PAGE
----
big oil

Koch Brothers take to the editorial pages

Trying to defend the indefensible:

In January 2009, just days after the inauguration of President Barack Obama, Charles and David Koch met in their company headquarters in Wichita with their longtime political strategist, Rich Fink. The country was headed toward bankruptcy, they agreed.

Any critical reader would already be shaking his/her head, even with no previous knowledge about the Koch Brothers. Too early for any evidence for such fears, the agreement had to be based on political ideology or thinly-veiled racism. Or both. But don't expect any musings about that in this (Wichita) article. It might be a McClatchy paper, but it's also ground zero in the Koch empire.

Out-of-state Blue Dog comes sniffing around

Confused Raleigh Dems hold fundraiser for Mary Landrieu:

The lunch event will be held April 2nd in the law offices of Parker Poe Adams & Bernstein in the Well Fargo Capital Center. The cost of the event ranges from $1,000 to $2,500 per person. Landrieu, who does not face re-election until 2014, chairs the Senate Small Business Committee.

Apparently I just don't understand politics as much as I thought. I thought we were having a pretty important election here in North Carolina this year, you know, trying to keep the Governor's office and take back some of our General Assembly seats, not to mention boodles of important local races. But apparently keeping an oil-dripping Blue Dog flush with cash is more important:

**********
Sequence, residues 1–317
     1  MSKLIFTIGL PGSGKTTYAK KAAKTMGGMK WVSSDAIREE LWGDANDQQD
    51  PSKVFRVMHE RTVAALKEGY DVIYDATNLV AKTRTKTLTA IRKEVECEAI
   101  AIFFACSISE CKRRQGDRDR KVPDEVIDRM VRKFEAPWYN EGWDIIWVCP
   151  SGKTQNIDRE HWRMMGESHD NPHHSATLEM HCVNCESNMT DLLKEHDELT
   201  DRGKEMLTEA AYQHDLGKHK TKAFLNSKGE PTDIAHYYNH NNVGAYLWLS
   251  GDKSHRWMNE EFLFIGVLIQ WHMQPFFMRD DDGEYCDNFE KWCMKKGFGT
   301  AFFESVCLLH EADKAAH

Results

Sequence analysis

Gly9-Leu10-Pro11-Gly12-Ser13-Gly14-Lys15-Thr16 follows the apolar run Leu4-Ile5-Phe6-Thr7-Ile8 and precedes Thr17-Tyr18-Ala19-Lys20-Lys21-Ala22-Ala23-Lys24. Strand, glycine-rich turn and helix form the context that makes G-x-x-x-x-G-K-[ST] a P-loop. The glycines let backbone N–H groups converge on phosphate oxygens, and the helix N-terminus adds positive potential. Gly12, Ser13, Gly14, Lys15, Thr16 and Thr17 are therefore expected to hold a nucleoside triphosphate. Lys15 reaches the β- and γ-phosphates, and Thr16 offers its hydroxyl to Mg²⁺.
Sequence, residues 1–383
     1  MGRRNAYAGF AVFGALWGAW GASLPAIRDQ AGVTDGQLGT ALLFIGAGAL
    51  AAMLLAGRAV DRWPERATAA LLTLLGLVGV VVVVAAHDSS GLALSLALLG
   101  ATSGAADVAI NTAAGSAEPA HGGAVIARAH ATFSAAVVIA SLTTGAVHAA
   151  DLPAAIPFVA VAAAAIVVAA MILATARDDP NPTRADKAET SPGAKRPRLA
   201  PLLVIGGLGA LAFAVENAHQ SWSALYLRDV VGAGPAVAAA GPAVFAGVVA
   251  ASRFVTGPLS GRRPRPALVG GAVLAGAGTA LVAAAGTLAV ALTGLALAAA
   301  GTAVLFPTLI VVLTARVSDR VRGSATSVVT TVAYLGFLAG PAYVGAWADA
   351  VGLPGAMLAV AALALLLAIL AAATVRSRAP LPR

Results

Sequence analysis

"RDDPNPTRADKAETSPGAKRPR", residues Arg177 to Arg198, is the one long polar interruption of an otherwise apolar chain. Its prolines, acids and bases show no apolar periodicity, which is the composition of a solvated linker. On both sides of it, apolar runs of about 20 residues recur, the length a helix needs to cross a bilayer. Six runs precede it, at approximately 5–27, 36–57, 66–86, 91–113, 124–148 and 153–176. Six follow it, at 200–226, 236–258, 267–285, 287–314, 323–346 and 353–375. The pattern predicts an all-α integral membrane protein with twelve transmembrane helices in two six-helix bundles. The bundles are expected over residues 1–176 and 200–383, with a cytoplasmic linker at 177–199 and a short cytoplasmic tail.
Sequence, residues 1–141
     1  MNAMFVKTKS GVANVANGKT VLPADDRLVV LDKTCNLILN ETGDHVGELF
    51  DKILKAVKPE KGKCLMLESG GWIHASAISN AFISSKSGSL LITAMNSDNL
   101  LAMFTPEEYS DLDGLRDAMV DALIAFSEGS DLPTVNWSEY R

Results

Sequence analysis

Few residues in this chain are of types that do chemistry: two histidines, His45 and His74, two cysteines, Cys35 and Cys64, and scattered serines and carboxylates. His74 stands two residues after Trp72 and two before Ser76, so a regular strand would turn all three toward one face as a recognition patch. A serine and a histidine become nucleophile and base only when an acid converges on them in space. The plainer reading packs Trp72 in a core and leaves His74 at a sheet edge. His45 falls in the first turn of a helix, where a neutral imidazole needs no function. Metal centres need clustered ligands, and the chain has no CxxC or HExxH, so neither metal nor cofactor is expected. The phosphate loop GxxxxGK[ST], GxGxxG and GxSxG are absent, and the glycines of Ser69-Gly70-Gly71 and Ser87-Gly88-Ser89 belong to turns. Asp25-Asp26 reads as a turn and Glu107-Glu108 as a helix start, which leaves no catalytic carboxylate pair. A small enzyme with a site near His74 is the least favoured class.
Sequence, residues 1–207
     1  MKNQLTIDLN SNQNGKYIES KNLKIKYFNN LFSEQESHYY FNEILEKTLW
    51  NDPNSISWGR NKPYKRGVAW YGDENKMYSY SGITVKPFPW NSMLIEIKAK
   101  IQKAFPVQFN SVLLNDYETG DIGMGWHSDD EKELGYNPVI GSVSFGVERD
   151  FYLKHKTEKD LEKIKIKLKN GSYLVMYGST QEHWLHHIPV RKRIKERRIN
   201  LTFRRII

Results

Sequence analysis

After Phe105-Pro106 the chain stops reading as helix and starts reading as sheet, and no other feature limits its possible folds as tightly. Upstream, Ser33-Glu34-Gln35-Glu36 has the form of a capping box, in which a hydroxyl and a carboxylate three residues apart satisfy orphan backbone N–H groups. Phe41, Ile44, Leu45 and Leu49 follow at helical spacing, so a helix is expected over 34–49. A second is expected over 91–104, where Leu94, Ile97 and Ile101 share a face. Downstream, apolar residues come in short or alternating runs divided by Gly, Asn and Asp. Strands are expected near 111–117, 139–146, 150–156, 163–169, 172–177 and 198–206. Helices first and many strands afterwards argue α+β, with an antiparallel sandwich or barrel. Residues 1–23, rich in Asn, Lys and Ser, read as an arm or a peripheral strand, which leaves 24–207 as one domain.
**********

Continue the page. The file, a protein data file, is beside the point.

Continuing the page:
On comparing recent drops in the price of oil to expected drops in gas prices

So the most recent peak price of oil was $110 a barrel with a peak national average price for gasoline at the pump right at $4.00 per gallon. The price of oil recently dropped below $80/barrel and has been trading this past week in the mid 80's. 110 to 85 is a 23% drop. Oil is bought a month or two ahead of time so that means that gas should eventually drop about 23% as well, right? That would mean that the price of gas at the pump should be about $3.15 a gallon just in time for all those Labor Day vacations.